Since the 19th century, some major developments have taken place that impact on the ability to conduct feasibility studies of submarines. One is the increase on the use of nuclear power which has almost unlimited power source resulting in the ability to maintain high speeds for long periods with essentially constant weight. The second is the nature of the hull form. As aforementioned, the volume and the shape of the submarine hull are the most important in all phases of the concept design. Any shape to be considered is a subject to very rigorous examinations by the use of calculations to any degree of sophistication required. There are many decisions to make while designing the hull of a submarine including shape, dimension, and construction materials. Modern submarines have a tear-drop hull. The shape of this hull should be able to create the volume in which the submariners work, maximize the strength of submarine so that it does not collapse under the huge water pressure, minimizes costs and minimizes hydrodynamic drag and noise thus, maximum speed. Submarine hull structure consists of water tight envelop which could withstand the external hydrostatic pressure to which it is subjected during the operations.

 There are two hulls in submarine, the inner hull or pressure hull and the outer hull. The former holds all the pressure sensitive systems of the submarine including the submariners. It must withstand the hydrostatic pressure to the submarine’s maximum or test depth therefore; it is made of high strength material. Any ingress of water into the pressure hull can have a considerable effect on the submariner’s morale. Consequently, the inner hull has to be very strong. The outer hull is the smooth fairing that covers the non-pressure sensitive equipment of the underwater boat such as Main Ballast Tanks and Anchors, so as to improve its hydrodynamic characteristics. It does not need to withstand the diving depth therefore; high strength materials are not required.

1.2    Definition of Problem

Hydrodynamic drag (frictional drag and form drag)has been a problem in the design of submarine hulls. Frictional drag which is caused as a result of water running along the hull and the form drag which is caused when the water is pushed aside as the hull moves through it. Therefore, the problem to be tackled is the drag

1.3    Aim/Objectives

The aim of the project is to design and produce a submarine hull with as minimum practical resistance as possible.

 The objectives of the project are:

⦁    To construct a hull form to its specifications whilst only utilizing the available materials and equipment.

⦁    To design and construct a hull which is water tight to a depth of at least 1 meter and to produce a hull form with reduced resistance

⦁    To produce a hull shape which is stable on surface, submerged and during transit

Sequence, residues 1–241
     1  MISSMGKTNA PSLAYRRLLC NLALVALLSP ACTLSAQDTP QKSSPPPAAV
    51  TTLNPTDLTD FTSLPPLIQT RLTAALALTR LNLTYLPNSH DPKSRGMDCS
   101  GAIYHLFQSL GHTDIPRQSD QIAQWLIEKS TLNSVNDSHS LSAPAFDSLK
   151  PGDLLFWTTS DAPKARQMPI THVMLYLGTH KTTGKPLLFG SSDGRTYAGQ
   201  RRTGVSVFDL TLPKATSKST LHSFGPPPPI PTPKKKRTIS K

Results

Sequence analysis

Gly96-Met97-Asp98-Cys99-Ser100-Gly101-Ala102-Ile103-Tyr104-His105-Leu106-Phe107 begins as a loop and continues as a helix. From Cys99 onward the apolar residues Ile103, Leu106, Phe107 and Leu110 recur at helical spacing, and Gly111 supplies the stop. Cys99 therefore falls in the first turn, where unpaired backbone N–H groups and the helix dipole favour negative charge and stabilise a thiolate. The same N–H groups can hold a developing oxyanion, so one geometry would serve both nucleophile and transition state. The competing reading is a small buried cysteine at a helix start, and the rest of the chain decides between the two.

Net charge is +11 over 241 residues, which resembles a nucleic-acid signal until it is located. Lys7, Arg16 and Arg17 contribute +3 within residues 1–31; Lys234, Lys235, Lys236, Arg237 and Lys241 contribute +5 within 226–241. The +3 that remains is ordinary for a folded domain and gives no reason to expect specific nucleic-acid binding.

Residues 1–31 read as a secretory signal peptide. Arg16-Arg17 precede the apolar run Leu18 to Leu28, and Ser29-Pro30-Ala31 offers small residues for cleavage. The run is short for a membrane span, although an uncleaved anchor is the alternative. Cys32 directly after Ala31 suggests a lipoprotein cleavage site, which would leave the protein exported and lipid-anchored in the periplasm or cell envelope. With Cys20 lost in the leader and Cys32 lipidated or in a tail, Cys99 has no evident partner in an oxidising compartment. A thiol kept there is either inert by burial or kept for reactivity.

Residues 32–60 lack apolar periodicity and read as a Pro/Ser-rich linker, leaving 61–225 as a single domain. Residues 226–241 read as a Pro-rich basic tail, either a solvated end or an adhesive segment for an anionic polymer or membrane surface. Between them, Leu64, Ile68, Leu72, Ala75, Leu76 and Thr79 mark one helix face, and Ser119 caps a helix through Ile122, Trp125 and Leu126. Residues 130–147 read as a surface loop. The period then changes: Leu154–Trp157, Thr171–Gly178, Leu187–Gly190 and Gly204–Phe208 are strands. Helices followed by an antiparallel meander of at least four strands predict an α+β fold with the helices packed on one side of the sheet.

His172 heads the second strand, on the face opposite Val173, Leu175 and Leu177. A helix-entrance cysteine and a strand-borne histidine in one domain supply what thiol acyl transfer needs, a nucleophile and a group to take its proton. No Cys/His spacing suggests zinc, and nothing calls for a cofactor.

1.4    Significances

⦁    To help understand the drag and resistance principles and tackle the drag problems involved with the design and construction of a submarine hull.

⦁    The Nigerian Navy can conduct a feasibility study on the design of the submarine hull, and make some major modifications and developments to suit their specifications.

1.5    Scope/Limitation

The final project plan is delimited to do the detailed design of a submarine hull, detailed calculations, computerized drawings and construction of the submarine hull with the affordable materials available due to the cost and unavailability of the materials

1.6    Project Structure

The project is structured so as to present it in a coherent and logical manner. The following provides a description of each of the chapters within this document:   

Chapter 1 presents the introduction to the project which encompasses the background      study, the problem definition, and the aims/objectives of the project. It also includes the significance of the project and its scope.

Chapter 2 provides a literature review of the project. Focus on existing submarine in the world history, principles used and usage. Also includes all the research that has been done to provide ideas and specification as a guideline to produce the design.

Chapter 3 describes the experimental setup and methods used to design and construct the submarine hull, Focus on Proposed Design Process, Product Design Specification ConceptDevelopment and then the Final concept in selecting the concepts and the detail design analysis of the selected concept.

Chapter 4 shows the construction, tests, result and discussion of the project with the Bill of Engineering Measurement and Evaluation.

Chapter 5 provides the conclusion drawn on the project, the problem encountered, the areas that are considered to need further investigation to address the breadth of the project problem.